In an unusual decision acknowledging the burgeoning debate over cy-près awards, a Superior Court judge has rejected the recommendation of class counsel about who should receive the residual funds from a class action launched by investors in the Bre-X Minerals Ltd. case.
Instead, Justice Paul Perell accepted a recommendation by a single class member on who should receive settlement funds that couldn’t be distributed among investors wronged in the Bre-X saga.
Class counsel believed the school was a viable recipient but suggested the law foundation should receive the full $3.5 million with it then allowing other charities to compete for the funds as well.
But Perell said the University of Ottawa’s Telfer School of Management should receive some portion of the amount without competition. One of the class members, James Roache, is a member of the faculty at the school, according to the ruling. (The University of Ottawa’s web site shows Roache is an alumnus and a donor who has a business and finance ethics award named after him.)
“Whether a particular cy-près award satisfies the purposes of the Class Proceedings Act, 1992, can be a matter of debate, because there may be many worthy candidates that could arguably be connected to the collective or common interests of the class members and the goals of the particular class action, but class counsel should, at least, consider the views of class members,” wrote Perell.
“In the case at bar, class counsel was satisfied that the Telfer School was an appropriate candidate for a cy-près award.”
Perell acknowledged it was extraordinary for the court to reject class counsel’s recommendations. “I wish to make it clear, because the case at bar may have implications for other cases about the administration of a settlement agreement, the court will normally not second guess the decision of class counsel between worthy and appropriate recipients of a cy-près award,” he wrote.
“The problem in the immediate case, however, is that class counsel’s recommendation was, in effect, a recommendation that the LFO, which in and of itself is a worthy candidate, should decide who are the other worthy candidates.”
But to University of Windsor law Prof. Jasminka Kalajdzic, class counsel generally have the best interests of the whole class at heart and their recommendations should trump one made by a single class member.
Giving the money to an organization a class member like Roache has links to “is not obviously representative of the collective interest whereas class counsel is specifically charged with representing and protecting the best interest of the class,” says Kalajdzic.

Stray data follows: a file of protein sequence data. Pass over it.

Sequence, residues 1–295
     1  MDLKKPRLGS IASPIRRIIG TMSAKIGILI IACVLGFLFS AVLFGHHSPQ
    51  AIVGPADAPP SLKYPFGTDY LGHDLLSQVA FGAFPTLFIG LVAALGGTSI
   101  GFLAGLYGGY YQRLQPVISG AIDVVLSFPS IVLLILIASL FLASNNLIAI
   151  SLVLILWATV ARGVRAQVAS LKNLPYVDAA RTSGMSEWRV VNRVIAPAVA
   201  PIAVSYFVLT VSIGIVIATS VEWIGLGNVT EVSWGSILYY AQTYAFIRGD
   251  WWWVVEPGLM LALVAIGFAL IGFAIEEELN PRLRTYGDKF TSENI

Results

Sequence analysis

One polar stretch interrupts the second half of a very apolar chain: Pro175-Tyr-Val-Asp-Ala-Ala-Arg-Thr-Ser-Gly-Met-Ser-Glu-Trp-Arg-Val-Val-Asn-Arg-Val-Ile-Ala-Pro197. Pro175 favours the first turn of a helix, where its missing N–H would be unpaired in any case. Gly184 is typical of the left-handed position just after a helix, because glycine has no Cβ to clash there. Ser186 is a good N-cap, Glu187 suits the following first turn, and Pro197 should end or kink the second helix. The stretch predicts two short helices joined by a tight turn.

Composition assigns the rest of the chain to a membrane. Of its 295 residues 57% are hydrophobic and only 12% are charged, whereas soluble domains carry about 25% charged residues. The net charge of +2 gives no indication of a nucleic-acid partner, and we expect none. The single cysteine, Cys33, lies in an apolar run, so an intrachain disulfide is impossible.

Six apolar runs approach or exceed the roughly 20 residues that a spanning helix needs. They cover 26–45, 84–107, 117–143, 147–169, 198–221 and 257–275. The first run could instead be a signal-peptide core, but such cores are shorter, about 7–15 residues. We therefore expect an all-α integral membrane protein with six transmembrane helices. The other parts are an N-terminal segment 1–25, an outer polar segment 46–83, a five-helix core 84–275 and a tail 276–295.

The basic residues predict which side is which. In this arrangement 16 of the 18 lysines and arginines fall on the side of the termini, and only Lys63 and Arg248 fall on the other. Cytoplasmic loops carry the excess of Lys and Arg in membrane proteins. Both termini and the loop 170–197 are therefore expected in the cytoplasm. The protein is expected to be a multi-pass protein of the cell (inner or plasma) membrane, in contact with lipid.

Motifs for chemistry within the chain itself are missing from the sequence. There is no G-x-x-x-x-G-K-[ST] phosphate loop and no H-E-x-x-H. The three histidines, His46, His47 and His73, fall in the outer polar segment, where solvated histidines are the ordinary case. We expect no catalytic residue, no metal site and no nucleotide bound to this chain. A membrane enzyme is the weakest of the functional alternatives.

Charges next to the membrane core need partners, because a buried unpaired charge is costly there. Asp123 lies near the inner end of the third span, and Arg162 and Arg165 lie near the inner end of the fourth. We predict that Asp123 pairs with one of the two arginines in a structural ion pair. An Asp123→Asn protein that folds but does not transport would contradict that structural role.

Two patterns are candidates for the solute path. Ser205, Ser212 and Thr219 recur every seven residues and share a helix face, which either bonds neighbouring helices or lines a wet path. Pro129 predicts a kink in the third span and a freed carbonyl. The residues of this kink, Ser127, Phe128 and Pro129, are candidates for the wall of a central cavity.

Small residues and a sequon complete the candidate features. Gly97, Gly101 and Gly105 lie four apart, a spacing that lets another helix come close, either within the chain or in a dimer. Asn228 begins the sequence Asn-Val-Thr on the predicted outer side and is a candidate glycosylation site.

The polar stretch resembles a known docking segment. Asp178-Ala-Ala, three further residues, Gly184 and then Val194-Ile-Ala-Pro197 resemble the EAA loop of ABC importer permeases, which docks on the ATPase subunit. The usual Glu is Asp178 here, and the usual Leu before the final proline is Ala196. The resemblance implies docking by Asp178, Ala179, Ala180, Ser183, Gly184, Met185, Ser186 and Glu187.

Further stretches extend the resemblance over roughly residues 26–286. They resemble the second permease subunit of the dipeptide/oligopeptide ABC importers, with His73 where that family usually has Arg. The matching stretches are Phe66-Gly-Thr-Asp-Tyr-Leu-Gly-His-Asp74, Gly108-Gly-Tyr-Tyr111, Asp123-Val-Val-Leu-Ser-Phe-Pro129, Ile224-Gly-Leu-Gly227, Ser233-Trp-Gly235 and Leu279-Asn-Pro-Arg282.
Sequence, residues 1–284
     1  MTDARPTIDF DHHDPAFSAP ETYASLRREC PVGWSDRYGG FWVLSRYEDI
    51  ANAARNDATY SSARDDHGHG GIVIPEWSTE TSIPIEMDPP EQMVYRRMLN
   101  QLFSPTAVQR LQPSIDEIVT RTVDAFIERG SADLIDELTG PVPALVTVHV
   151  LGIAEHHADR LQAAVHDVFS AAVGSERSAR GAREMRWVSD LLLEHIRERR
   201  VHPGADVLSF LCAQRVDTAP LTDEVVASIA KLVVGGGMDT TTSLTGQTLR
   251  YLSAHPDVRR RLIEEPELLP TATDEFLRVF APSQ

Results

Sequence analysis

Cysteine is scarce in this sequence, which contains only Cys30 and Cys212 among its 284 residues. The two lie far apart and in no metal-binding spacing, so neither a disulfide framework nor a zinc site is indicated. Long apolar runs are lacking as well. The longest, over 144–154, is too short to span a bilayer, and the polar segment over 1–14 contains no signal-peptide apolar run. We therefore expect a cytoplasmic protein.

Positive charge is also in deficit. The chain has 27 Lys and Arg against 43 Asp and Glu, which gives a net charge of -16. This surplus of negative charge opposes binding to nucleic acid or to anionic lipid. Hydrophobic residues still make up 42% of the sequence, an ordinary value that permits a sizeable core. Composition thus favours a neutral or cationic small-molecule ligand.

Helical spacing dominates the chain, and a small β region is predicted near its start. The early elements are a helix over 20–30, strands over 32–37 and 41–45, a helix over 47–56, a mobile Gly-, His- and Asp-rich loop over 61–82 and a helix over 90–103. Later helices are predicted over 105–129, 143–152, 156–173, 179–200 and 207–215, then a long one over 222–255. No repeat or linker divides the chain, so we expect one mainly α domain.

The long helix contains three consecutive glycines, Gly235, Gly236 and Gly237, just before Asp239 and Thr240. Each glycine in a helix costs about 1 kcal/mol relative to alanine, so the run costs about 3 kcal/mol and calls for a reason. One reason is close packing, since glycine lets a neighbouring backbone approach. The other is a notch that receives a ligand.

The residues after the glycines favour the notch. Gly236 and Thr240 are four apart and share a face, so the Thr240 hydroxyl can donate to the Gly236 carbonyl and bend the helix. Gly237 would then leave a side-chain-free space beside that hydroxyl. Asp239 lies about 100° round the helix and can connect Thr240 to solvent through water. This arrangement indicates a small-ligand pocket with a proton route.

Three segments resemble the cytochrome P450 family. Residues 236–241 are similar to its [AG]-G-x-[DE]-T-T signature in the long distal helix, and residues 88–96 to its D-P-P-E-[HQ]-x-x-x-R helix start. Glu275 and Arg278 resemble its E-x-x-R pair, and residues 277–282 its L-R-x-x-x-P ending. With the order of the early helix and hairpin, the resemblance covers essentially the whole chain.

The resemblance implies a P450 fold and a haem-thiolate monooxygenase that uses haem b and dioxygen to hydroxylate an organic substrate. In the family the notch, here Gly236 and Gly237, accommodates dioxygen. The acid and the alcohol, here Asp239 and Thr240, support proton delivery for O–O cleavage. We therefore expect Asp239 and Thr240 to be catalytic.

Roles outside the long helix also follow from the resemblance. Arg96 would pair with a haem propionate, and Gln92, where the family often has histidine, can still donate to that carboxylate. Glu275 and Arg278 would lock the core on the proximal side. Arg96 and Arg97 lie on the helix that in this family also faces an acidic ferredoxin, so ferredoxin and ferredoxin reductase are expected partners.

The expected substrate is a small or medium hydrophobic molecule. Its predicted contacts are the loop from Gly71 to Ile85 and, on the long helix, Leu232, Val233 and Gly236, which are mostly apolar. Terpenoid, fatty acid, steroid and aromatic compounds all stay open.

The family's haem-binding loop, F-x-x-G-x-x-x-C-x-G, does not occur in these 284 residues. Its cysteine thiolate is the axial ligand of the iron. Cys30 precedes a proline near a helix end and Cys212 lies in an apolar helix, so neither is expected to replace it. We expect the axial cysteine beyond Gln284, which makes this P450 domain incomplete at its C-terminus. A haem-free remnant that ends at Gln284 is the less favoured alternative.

“Why arbitrarily give 20 per cent to a recipient proposed by one class member out of a class of thousands?” she asks.
Kalajdzic recently published a study that found the courts often approve cy-près awards without proof of the difficulty of distributing the funds among class members. She also found there’s no guidance for the courts on how to distribute cy-près awards.
“Judges accept, with little or any discussion, the submissions or evidence that identifying class members is ‘cost-prohibitive,’” the study says.
Although she agrees it wasn’t possible to distribute the funds in Carom among class members as the cost of distribution would have far exceeded the benefit to all investors, Kalajdzic says the decision to assign 80 per cent of the funds to the law foundation and 20 per cent to the school shows the arbitrary nature of the process.
“What troubles me is the manner in which the judge decides who should receive the money,” she says, adding that when it comes to these decisions, “the case law is all over the map.”
Class action lawyer Garth Myers agrees. “Where did the 80-20 come from?” asks Myers, an associate at Koskie Minsky LLP. Cy-près awards are a developing area of jurisprudence, he says, noting “the reality is there are a Wild West of rules.”
In his decision, Perell said that when it comes to cy-près awards, courts are not “in the business of being a grant approving institution.”
“Cy-près awards are somewhat controversial, and academics have debated whether and how such awards advance the purposes and public law policies of class actions. There has been some academic criticism about the transparency and rationale for how courts approve the recipients of cy-près awards,” he wrote.
“The simple answer is that courts are not in the business of being a grant approving institution and the issue of a cy-près award arises in the context of an adversarial system in which the court is responsive to the submissions of the parties and treats a cy-près award as subject to the same approach and the same principles that apply to the rest of the proposed settlement or to the administration of an approved settlement.”
But by rejecting class counsel’s recommendation in this case, approving grants is exactly what the court did, according to Myers.
“It’s a very interesting decision because at paragraph 136, Justice Perell says the ultimate decision remains with class counsel and then he goes on to vary the recommendation of class counsel,” he says.
“It’s sort of saying one thing and doing another,” he adds.
“I think in cases like this, class counsel’s recommendation should go a long way because they’re obliged to act in the best interest of the class. So I agree with the principle but not its application.”